NICK EICHER, HOST: It’s Thursday the 28th of May, 2020. Glad to have you along for today’s edition of The World and Everything in It. Good morning, I’m Nick Eicher.
MEGAN BASHAM, HOST: And I’m Megan Basham. First up: another casualty from the economic lockdown, museums.
For months, art, history, and science lovers have had to stay away from their favorite galleries and exhibits. And that’s left many museums with a budget crisis.
EICHER: The International Council of Museums estimates as many as 13 percent of the world’s museums may never reopen. Those that do will likely have to make some adjustments.
WORLD reporter Anna Johansen talked to leaders at several U.S. museums and has our story.
KEN HAM: For us as an organization, it was a catastrophic loss of income.
ANNA JOHANSEN, REPORTER: Ken Ham is the founder of the Creation Museum and Ark Encounter in northern Kentucky. He estimates they’ve lost somewhere between $15 and $20 million over the past couple of months.
Summertime is usually their busiest season.
HAM: And the income in May, June, and July, we have to set aside a considerable amount of that so that we get through the winter months when there’s not that many people that come. Well, now we don’t have that income to be able to set that aside.
Ham says they had money in reserve for expansion projects and new exhibits. But they had to use those funds just to survive. They also had to lay off 80 percent of their staff. Most of the rest took pay cuts and worked longer hours.
HAM: And so it’s really been a struggle, our zoo staff because we have a lot of animals in the zoo, the zoo staff working on a skeleton crew and some of them had to be there 24 hours a day to make sure the animals were looked after.
That experience isn’t unique. The American Alliance of Museums says U.S. galleries and exhibits are losing $33 million a day. To survive, they’re relying on a combination of federal funds, private donors and virtual fundraising.
AUDIO: Good evening everyone! Welcome to JANM’s very first virtual gala. Thank you for joining us and for taking the leap with us into the virtual world.
The Japanese American National Museum in Los Angeles held its annual gala online. The virtual event included historical readings, a ukulele band, and a raffle for a luxury car.
Other museums are putting tours and educational material online, and looking for ways to monetize that content.
But virtual options just won’t work for some exhibits.
Brian Statz is vice president of operations at the Children’s Museum of Indianapolis.
BRIAN STATZ: As a children’s museum, we encourage very much hands on learning together, playing together both as a family and with other visitors.
That’s pretty hard to do in a virtual setting. And it obviously isn’t going to fly in a pandemic. So Statz and other staff members are making some pretty fundamental changes to the museum. Analysts are going room to room, figuring out how to restructure exhibits—or eliminate them entirely. Like the preschool gallery.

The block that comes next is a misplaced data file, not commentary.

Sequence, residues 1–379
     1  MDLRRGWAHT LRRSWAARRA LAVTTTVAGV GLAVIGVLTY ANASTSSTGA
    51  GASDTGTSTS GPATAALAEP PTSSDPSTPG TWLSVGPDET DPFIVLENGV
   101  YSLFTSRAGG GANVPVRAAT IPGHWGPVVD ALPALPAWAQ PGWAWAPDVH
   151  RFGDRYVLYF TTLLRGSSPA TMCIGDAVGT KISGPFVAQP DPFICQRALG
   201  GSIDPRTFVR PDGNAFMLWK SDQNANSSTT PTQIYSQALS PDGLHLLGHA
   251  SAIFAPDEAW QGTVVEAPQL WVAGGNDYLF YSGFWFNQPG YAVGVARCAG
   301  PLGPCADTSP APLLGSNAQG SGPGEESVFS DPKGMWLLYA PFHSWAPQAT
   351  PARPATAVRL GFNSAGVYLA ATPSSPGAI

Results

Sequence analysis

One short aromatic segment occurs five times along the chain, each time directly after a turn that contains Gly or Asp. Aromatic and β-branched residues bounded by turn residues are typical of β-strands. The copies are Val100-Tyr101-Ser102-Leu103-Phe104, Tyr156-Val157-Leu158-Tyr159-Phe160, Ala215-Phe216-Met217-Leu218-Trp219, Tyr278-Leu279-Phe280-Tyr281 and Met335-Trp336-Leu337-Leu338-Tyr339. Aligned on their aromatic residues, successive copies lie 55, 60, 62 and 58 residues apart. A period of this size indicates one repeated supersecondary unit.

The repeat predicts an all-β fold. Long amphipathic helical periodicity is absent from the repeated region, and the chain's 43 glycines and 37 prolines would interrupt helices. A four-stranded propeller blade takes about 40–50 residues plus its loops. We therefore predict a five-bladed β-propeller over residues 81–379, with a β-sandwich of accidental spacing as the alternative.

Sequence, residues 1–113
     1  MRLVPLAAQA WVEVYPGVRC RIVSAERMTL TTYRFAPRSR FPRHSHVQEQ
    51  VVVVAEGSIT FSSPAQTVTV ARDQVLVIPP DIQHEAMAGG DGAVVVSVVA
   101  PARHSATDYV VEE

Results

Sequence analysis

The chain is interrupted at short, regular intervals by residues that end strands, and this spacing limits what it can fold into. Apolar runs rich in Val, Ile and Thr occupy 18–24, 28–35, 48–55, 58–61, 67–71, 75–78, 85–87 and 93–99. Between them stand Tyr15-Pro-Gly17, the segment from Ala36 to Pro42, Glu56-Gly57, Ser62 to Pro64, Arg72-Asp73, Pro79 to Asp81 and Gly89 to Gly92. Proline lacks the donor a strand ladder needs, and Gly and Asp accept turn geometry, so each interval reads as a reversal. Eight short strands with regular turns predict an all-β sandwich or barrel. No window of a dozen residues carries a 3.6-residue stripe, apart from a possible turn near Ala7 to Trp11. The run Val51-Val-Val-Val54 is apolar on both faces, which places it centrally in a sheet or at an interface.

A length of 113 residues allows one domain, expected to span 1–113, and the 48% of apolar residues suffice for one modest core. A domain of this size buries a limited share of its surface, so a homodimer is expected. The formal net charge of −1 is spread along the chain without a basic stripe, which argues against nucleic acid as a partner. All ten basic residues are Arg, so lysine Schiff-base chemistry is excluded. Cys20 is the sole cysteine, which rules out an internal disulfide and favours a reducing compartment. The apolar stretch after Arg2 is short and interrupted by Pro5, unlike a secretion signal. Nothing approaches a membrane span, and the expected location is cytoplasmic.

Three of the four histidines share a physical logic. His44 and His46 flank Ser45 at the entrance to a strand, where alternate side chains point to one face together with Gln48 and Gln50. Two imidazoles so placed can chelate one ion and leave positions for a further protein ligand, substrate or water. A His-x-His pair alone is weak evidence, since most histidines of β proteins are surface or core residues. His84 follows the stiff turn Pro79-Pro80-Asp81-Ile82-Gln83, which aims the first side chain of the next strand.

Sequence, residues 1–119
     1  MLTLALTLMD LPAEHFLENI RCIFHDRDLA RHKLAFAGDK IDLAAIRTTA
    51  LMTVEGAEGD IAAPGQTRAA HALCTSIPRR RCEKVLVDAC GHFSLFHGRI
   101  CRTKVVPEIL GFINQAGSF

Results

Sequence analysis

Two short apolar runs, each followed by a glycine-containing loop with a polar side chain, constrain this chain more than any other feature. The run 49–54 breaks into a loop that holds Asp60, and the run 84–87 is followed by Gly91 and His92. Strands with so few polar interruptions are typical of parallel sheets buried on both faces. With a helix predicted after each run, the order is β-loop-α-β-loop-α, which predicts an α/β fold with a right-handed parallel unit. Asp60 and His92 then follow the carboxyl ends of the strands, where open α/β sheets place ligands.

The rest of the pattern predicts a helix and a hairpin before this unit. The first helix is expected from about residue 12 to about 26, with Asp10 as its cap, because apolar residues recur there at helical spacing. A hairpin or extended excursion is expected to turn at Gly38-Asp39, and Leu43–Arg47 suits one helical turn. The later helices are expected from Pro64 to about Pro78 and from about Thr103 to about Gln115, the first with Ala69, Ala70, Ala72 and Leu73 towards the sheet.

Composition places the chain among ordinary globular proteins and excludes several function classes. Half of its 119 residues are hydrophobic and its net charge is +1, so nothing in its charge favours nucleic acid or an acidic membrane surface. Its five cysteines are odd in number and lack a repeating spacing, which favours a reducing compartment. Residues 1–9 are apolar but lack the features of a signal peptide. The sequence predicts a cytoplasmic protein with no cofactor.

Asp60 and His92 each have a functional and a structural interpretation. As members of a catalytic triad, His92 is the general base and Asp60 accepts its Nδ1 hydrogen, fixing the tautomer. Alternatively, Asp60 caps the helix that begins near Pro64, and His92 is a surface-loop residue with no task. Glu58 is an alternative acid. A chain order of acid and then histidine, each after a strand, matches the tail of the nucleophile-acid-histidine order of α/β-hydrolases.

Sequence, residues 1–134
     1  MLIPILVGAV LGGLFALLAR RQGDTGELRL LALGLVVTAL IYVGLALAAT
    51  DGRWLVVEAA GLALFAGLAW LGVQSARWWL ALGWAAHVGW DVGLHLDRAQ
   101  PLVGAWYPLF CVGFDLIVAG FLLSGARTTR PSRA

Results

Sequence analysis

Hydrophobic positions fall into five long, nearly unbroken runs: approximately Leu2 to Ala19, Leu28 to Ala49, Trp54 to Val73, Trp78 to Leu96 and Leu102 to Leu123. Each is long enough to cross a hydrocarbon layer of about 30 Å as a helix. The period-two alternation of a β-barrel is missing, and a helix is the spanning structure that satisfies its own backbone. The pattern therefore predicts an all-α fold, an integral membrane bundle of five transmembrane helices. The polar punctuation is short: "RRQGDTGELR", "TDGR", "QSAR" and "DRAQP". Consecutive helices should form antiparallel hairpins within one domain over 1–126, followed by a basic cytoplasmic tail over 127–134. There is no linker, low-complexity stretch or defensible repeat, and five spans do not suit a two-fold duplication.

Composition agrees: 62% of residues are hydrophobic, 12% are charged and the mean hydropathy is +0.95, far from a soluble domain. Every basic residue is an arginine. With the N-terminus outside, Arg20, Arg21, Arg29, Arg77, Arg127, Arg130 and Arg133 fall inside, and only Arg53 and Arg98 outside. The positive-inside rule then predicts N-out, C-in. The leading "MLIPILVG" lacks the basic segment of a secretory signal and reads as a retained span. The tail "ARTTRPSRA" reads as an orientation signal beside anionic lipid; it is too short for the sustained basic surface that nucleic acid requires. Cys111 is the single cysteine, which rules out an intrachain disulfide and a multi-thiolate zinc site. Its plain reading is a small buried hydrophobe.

STATZ: The nature of the gallery plus the typical visitor in that gallery, which are children, 5 and under kind of just the natural thing to do is grab something, put it in your mouth, throw it, somebody else, just that kind of thing, just the way preschoolers are.
Statz says they won’t be reopening that section any time soon.
The Creation Museum and Ark Encounter are set to open on June 8th. But Ken Ham says reopening presents its own set of challenges. Of course, the museums will have extra sanitization, limited capacity, and as much social distancing as possible. But there’s a more basic hurdle: Who’s going to run the museums with so many employees still furloughed?
HAM: We don’t have the income to bring on the staff, we need the staff to bring in the income to be able to pay them and pay for the facilities.
Another problem is anticipating the number of visitors.
HAM: Okay, we can set a date for opening. But how do we budget for that? Because how do we determine how many people are going to come? When are people gonna believe it’s safe to come?
The museums typically draw hundreds of bus tours every year. But no one is doing group tours anymore.
The Museum of the Bible in Washington, D.C., faces a similar problem. Harry Hargrave is its CEO.
HARGRAVE: It’s difficult right now, because our group sales people have nobody to contact.
Earlier this year, the museum was doing a lot of national marketing, trying to draw people from different parts of the country. Now, the team is just focusing on local visitors.
Hargrave is hoping to reopen sometime between June 1st and the 15th. But the real question is: Will anybody come?
HARGRAVE: It’s not like turning on a spigot where there’s a huge amount of pent-up demand. It’s going to be a time of people anticipating and looking and thinking and testing the marketplace out before they come.
Ken Ham believes it could take two or three years before the Creation Museum and Ark Encounter really get back on their feet. But he believes they have one main advantage.
HAM: We attract people who are really interested in our message, and they’re very passionate about this. So I believe we will see a fairly good response as we reopen.
Reporting for WORLD, I’m Anna Johansen.